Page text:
First coined by Swiss psychiatrist Carl Jung in 1921, the terms “introvert” and “extrovert” have spurred lively discussion about the definition and implications of each personality type. The place for introversion in Western culture, a predominantly extroverted society, has accrued substantial interest over the past decade, especially in the midst of the widespread fascination with mindfulness. Susan Cain’s Quiet: The Power of Introversion in a World That Can’t Stop Talking has inspired a movement to empower introverts in the workplace, calling for larger cultural shifts to create environments in which introverts will be more likely to succeed (think fewer open-plan offices and more time to work individually on creative projects). The modern school environment has been similarly scrutinized for its orientation toward extroverts; days full of large groups in large areas, participation-oriented activities and lunchroom mayhem can be detrimental to the progress of introverted students.
The actual meanings of introversion and extroversion, however, are often misunderstood. Let’s clarify.
Introversion and extroversion refer to where we get our energy from, or how we recharge our brains. Introverts recharge by spending time alone; they lose energy from interacting in stimulating, crowded environments. Extroverts, on the other hand, recharge by interacting in highly social environments, and lose energy from spending time alone. Introverts are thought to be more attentive to internal thoughts, while extroverts are driven by sensory stimulation - sights and sounds.
While many people use the terms “introverted” and “shy” interchangeably, introversion and shyness are not the same - in fact, they are unrelated. The terms are often confused because they are both related to socializing; however, lack of interest in socializing (introversion) is clearly different than fearing it (shyness). Introverts may be socially adroit and have strong friendships, but are quite happy in their own company, and often do not pursue social interaction.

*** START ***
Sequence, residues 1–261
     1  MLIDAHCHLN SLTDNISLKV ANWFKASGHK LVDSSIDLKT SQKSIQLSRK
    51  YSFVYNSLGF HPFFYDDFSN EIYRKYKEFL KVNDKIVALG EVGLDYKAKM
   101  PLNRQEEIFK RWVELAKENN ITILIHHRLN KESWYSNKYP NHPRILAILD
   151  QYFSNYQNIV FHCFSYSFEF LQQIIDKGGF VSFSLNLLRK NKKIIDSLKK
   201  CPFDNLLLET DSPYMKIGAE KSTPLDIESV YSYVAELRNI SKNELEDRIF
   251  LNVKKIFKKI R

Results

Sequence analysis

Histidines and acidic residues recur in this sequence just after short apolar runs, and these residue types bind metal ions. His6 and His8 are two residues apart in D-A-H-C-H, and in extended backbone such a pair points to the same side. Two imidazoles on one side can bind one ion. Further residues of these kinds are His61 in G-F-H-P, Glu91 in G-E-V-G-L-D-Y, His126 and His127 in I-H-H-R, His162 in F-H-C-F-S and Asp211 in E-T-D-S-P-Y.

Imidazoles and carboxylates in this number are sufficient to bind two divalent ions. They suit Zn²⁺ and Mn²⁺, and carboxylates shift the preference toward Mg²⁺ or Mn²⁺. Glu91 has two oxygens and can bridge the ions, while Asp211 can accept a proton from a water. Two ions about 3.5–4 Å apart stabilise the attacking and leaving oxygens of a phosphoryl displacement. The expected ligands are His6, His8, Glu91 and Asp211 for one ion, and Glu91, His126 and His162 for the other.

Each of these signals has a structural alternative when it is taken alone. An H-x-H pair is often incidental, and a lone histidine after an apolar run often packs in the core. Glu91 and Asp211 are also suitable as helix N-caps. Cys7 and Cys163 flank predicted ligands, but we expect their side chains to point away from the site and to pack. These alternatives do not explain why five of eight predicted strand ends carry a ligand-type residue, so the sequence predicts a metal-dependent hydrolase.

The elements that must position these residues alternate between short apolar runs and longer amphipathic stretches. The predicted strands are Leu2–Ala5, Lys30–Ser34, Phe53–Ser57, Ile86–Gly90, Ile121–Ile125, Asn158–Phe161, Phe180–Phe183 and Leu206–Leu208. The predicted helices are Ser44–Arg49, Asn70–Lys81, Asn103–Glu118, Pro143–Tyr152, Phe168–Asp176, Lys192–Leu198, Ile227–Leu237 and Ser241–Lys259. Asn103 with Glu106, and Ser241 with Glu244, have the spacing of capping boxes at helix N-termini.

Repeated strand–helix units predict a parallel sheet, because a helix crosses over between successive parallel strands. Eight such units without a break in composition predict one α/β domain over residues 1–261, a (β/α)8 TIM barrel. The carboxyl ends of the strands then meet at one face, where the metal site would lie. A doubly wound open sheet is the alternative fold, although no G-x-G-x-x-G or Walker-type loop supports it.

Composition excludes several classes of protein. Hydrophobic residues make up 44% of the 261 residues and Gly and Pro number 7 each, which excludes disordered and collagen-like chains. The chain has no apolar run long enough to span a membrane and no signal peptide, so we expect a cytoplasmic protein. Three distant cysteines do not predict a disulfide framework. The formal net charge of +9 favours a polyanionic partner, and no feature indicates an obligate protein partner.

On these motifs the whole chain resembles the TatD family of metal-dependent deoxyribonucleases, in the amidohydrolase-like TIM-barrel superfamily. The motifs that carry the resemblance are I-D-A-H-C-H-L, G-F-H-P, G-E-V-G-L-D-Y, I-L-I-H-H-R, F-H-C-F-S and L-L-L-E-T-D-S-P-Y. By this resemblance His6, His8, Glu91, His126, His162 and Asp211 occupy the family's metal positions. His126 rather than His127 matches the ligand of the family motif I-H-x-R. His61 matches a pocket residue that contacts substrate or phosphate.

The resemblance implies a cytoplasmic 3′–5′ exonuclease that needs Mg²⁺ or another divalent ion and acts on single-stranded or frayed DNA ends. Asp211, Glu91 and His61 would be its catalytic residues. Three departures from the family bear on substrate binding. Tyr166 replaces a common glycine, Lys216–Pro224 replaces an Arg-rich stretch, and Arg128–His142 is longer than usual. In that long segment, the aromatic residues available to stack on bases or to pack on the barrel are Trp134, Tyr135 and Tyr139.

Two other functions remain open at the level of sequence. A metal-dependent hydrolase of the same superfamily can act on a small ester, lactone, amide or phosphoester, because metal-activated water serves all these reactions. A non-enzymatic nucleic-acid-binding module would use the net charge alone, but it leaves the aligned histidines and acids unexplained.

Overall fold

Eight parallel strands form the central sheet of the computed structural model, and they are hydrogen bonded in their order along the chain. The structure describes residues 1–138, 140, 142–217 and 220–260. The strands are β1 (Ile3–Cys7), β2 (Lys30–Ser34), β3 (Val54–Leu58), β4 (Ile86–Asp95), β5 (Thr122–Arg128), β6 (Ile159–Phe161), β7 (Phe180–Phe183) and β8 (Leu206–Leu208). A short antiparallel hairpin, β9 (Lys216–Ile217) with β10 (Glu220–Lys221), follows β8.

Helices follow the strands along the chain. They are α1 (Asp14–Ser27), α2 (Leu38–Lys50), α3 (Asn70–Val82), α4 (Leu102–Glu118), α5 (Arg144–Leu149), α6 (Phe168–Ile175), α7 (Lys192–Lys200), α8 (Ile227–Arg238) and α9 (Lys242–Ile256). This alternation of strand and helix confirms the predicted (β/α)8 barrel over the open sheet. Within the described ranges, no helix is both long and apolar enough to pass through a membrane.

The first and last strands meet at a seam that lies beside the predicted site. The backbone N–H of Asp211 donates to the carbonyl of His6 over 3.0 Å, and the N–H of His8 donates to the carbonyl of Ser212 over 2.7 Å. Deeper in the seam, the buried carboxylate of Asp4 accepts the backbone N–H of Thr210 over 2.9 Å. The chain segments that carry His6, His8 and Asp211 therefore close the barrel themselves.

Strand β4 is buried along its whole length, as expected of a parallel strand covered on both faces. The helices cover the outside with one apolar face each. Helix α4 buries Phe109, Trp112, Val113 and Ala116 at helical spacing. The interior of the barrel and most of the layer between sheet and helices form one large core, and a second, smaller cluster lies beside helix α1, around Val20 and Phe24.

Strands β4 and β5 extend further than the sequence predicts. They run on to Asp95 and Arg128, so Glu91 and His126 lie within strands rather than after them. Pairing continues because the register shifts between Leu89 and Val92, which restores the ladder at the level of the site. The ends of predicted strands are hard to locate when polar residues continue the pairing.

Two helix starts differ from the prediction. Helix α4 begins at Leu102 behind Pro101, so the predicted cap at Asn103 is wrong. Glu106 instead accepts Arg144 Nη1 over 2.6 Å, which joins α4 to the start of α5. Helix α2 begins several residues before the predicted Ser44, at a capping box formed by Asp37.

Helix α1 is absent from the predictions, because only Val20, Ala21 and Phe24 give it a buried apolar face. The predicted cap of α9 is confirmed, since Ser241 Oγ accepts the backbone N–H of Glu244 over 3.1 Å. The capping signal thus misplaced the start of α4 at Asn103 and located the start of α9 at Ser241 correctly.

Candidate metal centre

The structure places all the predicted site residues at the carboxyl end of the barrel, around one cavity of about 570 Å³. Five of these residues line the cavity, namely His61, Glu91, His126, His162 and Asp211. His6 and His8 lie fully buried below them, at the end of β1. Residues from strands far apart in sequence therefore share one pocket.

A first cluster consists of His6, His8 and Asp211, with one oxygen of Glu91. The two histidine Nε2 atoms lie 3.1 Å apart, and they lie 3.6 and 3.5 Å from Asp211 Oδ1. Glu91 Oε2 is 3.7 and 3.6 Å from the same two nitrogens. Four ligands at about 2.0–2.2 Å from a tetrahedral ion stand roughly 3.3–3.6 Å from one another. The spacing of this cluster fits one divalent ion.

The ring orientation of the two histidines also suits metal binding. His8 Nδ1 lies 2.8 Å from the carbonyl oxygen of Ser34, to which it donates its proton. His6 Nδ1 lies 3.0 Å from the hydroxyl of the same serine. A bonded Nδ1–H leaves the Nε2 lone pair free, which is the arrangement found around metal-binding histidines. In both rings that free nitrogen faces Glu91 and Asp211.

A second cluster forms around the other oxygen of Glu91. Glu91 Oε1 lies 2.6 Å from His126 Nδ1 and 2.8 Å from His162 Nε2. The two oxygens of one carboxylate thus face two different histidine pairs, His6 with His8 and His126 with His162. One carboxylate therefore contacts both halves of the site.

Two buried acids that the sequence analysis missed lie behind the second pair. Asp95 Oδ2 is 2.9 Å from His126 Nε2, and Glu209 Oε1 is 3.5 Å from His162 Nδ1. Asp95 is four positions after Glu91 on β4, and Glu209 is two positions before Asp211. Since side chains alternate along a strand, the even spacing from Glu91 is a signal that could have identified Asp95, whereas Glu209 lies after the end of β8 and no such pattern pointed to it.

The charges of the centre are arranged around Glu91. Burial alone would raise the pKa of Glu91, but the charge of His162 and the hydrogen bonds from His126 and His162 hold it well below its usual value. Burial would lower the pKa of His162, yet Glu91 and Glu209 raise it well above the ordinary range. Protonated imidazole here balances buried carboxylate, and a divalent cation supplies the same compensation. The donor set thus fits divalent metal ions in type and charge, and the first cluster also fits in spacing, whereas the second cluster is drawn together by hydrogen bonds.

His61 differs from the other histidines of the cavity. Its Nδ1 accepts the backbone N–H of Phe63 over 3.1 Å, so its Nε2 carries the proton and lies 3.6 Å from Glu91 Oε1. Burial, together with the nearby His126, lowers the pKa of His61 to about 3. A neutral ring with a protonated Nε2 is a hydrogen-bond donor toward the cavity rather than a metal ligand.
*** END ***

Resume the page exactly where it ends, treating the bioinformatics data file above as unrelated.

Introversion and extroversion at school
The extrovert ideal is engendered by the nature of the Western education system. In Quiet, Cain argues that societal celebration of extroversion begins in the classroom, where students are seated in groups and praised for participation. Frequent collaborative work and small-group discussion perpetuate “groupthink,” often at the expense of quiet reflection and individual creativity.
While active learning is certainly beneficial, introverts might struggle in the midst of their extroverted peers, who more naturally assimilate into collaborative education. We should thus be cognizant of the particular challenges introverted students might face in an extroversion-oriented learning environment. Let’s talk about how we can use edtech tools to design a classroom atmosphere that helps introverted students reach their full potential.
Setting up introverts for success in the classroom
Rewards for classroom engagement should not be measured only by oral contributions. Do you have students who are writing fantastic papers, yet are hesitant to contribute to larger discussions? Who stay after class to make insightful comments, yet are hesitant to verbally engage with their more talkative peers? It might be time to redefine the meaning of classroom participation in the first place, and offer other formats by which students might become more involved in classroom discussion. For instance, integrating a classroom response app like Spiral’s Quickfire into a lesson will allow all students to contribute to the discussion safely and confidentially. Socrative, another classroom response tool, also provides a way to integrate anonymous, real-time responses into ongoing discussions - check out their awesome blog for lesson ideas.
Consider providing alternatives to recess. Is it possible to implement a rotating schedule for teachers to open their classrooms during recess? Many introverts prefer a semi-quiet place in which they can escape the hustle and bustle of the playground or the quad. An open classroom gives students the opportunity to get the most out of the break by reading, playing board games in smaller groups (or even developing logical thinking skills by playing CargoBot if iPads are available), or just taking the opportunity to relax in a safe place.
Build down-time into the daily schedule. Simply adding a ten-minute silent reading period post-recess or a designated independent study session after a class discussion are great ways to follow up intense periods of group-oriented activities.
Finally, consider leveraging technology to create introvert-friendly class assignments and activities. Can you start a class blog? Many students will be more comfortable expressing their ideas in writing, and will be able to contribute to class discussions in a meaningful way without the anxiety that often accompanies verbal participation.
Do you have strategies to help introverted students succeed in the classroom? Which are most effective? Let me know in the comments!